By MICHAEL GINGOLD
Starring Annabelle Wallis, Maddie Hasson and George Young
Directed by James Wan
Written by Akela Cooper
New Line/Warner Bros.
In a recent interview, director James Wan compared MALIGNANT to the kind of movie you’d find among the back shelves of the horror section in video stores during the ’80s and early ’90s. The film turns out, in fact, to be a stealth remake of an independent fright flick that became a cult favorite during the VHS era, though to even hint at which one would give the game away.
For most of its running time, though, MALIGNANT is a variation on the tried-and-true premise of a woman who has horrifying visions of a murderer’s crimes. As if Madison (Annabelle Wallis) doesn’t have enough problems in her life already; when first met, she’s on the fourth in a series of pregnancies that have all previously ended in miscarriages, and married to an abusive jerk who says things like, “How many times do I have to watch my babies die inside you?” When Madison witnesses a shadowy, powerful figure brutally offing the guy, it almost seems like it’s doing her a favor. She is properly horrified, however, and this is only the beginning; soon she’s front and center as the villain gruesomely dispatches people she doesn’t know, transported into the setpieces via eye-catching digital transitions.
Visually, at least, Wan directs the hell out of MALIGNANT, which was scripted by Akela Cooper from a story by Wan and co-star Ingrid Bisu. The film is shrouded in oppressive atmosphere, courtesy of cinematographer Michael Burgess, with some of the same types of teasing misdirection and aggressive camera moves Wan employed so successfully in INSIDIOUS and THE CONJURING. There are also heaping helpings of gore, the likes of which haven’t been seen in his filmography since the SAW days. What’s missing here are a scenario, characters and performances as compelling as those in the movies that made Wan one of the leading lights of 21st-century horror.
As the slaughter spree with Madison at its center continues, she is supported by her sister Sydney (Maddie Hasson) and investigated by detectives Kekoa Shaw (George Young) and Regina Moss (Michole Briana White). All of them tend to speak with the most obvious expository dialogue, and there’s little spark to any of the acting. Det. Moss’ characterization is especially unfortunate, a compendium of sassy African-American lady-cop clichés. The most persuasive turns are actually given by a pair of younger actresses: Mckenna Grace (THE HAUNTING OF HILL HOUSE, ANNABELLE COMES HOME) and Madison Wolfe (THE CONJURING 2), seen in video footage of two of the protagonists as children. Fans of ’90s cinema may enjoy seeing DEEP BLUE SEA’s Jacqueline McKenzie and HELLRAISER III: HELL ON EARTH’s Paula Marshall in small roles, and Quentin Tarantino favorite Zoe Bell turns up as a jailhouse toughie when Madison is inevitably arrested for the grisly crimes.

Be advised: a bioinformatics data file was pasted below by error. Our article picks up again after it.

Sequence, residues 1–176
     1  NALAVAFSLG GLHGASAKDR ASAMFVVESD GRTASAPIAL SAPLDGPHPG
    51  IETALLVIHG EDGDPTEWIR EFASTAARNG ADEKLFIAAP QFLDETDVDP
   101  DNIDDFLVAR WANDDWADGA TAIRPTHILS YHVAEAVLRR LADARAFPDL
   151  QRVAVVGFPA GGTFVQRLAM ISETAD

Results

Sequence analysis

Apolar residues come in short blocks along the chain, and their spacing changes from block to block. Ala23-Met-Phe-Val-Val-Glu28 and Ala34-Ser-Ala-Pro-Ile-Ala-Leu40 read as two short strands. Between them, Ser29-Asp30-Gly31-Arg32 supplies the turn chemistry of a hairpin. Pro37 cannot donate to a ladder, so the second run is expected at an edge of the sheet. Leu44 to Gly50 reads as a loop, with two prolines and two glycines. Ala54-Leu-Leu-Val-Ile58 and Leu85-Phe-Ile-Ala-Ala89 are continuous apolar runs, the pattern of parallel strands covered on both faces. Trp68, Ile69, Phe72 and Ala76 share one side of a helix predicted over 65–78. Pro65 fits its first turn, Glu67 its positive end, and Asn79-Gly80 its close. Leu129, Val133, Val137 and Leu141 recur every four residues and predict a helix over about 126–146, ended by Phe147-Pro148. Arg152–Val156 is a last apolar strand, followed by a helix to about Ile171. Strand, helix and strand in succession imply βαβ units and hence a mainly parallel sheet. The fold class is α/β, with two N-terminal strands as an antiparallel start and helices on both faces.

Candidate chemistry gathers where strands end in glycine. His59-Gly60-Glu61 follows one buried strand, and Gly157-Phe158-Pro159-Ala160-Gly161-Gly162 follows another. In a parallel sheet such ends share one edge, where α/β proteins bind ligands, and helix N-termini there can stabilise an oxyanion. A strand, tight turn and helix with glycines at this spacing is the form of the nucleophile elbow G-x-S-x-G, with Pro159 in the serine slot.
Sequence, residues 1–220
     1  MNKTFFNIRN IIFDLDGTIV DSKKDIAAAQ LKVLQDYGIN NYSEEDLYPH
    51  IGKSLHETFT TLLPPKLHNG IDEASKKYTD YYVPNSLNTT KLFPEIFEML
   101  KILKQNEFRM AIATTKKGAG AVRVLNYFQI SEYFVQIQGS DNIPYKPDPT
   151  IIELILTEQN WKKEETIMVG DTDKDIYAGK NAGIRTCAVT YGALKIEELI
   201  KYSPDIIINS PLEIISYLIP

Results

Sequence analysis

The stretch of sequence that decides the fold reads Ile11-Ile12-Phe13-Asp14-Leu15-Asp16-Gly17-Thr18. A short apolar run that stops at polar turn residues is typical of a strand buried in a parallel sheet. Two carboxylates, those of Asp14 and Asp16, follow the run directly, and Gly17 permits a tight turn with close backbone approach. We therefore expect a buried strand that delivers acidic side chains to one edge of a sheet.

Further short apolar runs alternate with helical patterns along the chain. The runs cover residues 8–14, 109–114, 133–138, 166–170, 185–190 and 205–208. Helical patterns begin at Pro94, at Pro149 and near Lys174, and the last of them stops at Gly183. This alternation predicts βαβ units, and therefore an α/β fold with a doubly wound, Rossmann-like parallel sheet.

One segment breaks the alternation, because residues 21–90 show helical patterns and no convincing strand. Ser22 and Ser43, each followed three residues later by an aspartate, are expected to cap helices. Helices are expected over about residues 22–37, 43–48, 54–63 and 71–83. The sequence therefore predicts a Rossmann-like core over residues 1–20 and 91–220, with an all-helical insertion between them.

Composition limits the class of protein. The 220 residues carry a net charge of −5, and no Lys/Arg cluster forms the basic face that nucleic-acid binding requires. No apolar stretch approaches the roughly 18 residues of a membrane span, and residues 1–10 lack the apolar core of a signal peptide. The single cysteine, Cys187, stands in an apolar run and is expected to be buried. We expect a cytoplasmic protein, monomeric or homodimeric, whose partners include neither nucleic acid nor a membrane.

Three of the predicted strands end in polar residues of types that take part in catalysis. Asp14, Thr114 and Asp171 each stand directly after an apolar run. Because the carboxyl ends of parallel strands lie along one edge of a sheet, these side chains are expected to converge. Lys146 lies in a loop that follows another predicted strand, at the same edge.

Her sequence also encapsulates another of MALIGNANT’s problems: Too often, it’s hard to know whether Wan and co. are kidding or not. Madison actually says, “I’m not supposed to be here. I didn’t do anything wrong!” from behind bars, and the equally inevitable Medical Facility Where Awful Things Happened, first seen in a prologue, is a ridiculously imposing Gothic pile sitting atop surf-lashed nighttime cliffs. At many moments, the movie seems on the verge of tipping over into intentional camp, but it’s all played very straight, up to the point where a final-act revelation sends everything hurtling into gonzo territory.
This twist certainly gives MALIGNANT a jolt of WTF energy, while it will also likely remind horror buffs of some past favorites and opens up a few unanswered questions and serious plausibility issues, even within the movie’s own heightened reality. It leads to the movie’s biggest bloodbath, which is certainly energetic and splattery but has little dramatic weight and plays like something out of a video game. (An earlier, less showy sequence of Det. Shaw pursuing the acrobatic villain through, outside and under a building packs a lot more excitement.) By the end, MALIGNANT feels like about a half-dozen of those VHS rentals glommed into one movie: Some psychic horror, some slasher horror, some body horror, a dash of women-in-prison, etc., without sufficient human interest to hold it all together or get us genuinely involved and terrified.